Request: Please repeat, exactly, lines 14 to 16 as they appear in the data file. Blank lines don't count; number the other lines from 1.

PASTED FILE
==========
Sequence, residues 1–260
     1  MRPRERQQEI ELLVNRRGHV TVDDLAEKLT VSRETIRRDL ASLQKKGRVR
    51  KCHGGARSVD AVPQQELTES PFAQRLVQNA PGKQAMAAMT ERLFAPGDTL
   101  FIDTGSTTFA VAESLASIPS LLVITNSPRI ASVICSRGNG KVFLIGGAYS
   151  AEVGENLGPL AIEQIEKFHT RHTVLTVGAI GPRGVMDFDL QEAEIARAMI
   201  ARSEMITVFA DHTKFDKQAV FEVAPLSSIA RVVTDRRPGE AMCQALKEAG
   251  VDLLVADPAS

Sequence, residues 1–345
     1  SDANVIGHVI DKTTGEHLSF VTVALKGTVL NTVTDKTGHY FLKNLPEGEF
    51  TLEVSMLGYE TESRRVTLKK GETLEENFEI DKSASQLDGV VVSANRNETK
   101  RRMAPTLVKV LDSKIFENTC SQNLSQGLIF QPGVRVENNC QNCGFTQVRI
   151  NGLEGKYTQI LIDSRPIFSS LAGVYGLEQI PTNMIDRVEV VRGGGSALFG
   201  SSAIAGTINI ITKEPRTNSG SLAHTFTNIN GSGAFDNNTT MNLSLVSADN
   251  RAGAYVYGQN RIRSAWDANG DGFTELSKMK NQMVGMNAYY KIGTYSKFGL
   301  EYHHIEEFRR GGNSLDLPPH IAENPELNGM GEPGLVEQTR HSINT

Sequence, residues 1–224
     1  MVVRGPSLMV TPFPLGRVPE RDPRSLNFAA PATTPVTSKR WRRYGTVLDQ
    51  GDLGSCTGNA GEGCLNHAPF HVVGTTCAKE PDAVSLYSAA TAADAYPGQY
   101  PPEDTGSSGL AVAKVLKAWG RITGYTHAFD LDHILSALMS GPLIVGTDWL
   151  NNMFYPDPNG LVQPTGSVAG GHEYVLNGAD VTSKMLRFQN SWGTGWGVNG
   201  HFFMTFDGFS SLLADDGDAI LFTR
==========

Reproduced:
   251  RAGAYVYGQN RIRSAWDANG DGFTELSKMK NQMVGMNAYY KIGTYSKFGL
   301  EYHHIEEFRR GGNSLDLPPH IAENPELNGM GEPGLVEQTR HSINT

Sequence, residues 1–224